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Yoga for the Slopes

Stay limber and healthy this season with stretches and mobility exercises

Skiing and snowboarding are full-body activities—to get down the slopes, whether at a resort or in the backcountry, you can use everything from the tiny muscles in your feet to the meaty muscles in your back.

To avoid injury and continue shredding slopes all season, incorporate these warm-up and cool-down routines (designed by a yoga instructor with more than 400 hours of training). You can do these exercises wherever space allows.

Some pro tips to get started:

  • Don’t stretch cold muscles, you’ll risk straining or tearing your muscles and/or tendons. Start with slow movements and build from there.

  • Consistency in a yoga/mobility practice is key; doing small amounts of mobility work and stretching on a daily basis adds up exponentially over time.

Warm up exercises

Wake up your body and/or begin your slope sessions with these movements and stretches.

Knee, hip, and torso circles

Loosen up your knees, hips, and back with dynamic, circular movements that start slow and small, then grow larger and faster over time.

Knees: stand with your feet together, bend at your hips, and place your hands on your knees; move your knees in clockwise circles for 30 seconds, then counterclockwise for 30 seconds.

Hips: stand with your feet hips-width distance apart, place your hands on your hips; move your hips clockwise for 30 seconds, counterclockwise for 30 seconds.

Torso: keep your feet hips-width distance and your hands on your hips; start by lowering your shoulders toward the right, stopping at height of your right hip; with your torso parallel to the ground, sweep your shoulders to the left side, and peel back up to standing, leading up with your right shoulder; complete this circling five times to the right, then five times to the left.

Leg kicks

Get your hip flexors ready by swinging your legs forward and backward, then side to side. Start by shifting your weight to your left leg, then swing your right leg forward and back, making the kicks larger and higher with each go, for 30 seconds. Then bring your right leg back to center, activate your inner thigh and glutes, and lift your leg out to the side, again starting small and growing larger with each movement.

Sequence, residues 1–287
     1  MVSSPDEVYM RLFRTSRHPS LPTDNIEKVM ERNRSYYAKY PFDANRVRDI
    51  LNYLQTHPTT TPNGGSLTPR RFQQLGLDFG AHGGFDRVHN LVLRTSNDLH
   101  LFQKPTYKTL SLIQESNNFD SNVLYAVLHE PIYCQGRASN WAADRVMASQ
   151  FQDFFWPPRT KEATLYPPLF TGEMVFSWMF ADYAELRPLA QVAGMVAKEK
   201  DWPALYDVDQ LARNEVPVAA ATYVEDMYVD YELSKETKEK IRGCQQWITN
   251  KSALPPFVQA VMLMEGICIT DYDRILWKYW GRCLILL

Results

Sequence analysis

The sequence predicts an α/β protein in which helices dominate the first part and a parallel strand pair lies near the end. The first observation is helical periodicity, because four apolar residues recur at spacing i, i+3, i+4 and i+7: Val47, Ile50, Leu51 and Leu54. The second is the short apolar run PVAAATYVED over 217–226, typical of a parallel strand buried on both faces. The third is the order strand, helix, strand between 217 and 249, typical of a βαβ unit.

Cat-Dog lunges

Prepare your spine and breath-body connection with this dynamic yoga movement. From a low-lunge position (one foot forward, the other back, feet hips-width distance apart), inhale to lift your chest and lower your hips; exhale to round your spine, lift your hips and lower your head. Move as such with your breath, for at least one minute.

Cool down stretches

The fun doesn’t stop when you get home; start your recovery right with these poses.

Wide-legged forward fold

Stretch your hamstrings, low back, and hip adductors with this pose; set your feet wider than your hips, slightly bend your knees to avoid straining tendons, and lean forward at the hips. Experiment with extending your spine forward and down. Stay here for one minute.

Figure 4 pose

Attend to your IT band and glutes with this stretch. Bend your right knee, flex your right foot, cross your right ankle over your left thigh. You can do this pose seated or standing. Standing: lower your hips back and down, like you were about to sit in a chair, to find the level of stretch appropriate for your body. Seated: move your left foot closer and further away from your glutes to vary the stretch’s depth. Then switch sides, spending at least 30 seconds with each leg.

Thread the needle

Loosen your mid- and upper-spine; from a table-top shape (knees on the ground directly under your hips; palms on the ground directly under your shoulders) thread your right arm underneath your left armpit; place your right shoulder and ear on the ground, feeling the twist begin at your mid-spine. Keep your hips parallel to the earth and gently peel your left shoulder back, so your heart stays open.

Emma Athena is an award-winning journalist and fresh-air lover. She writes about adventure and the environment, where humans and nature intersect at their most impactful moments. When she’s not glued to her keyboard or curled up with a book, she’s running in the mountains with her dog or camping with people she loves. To read more of her work and get in contact, visit


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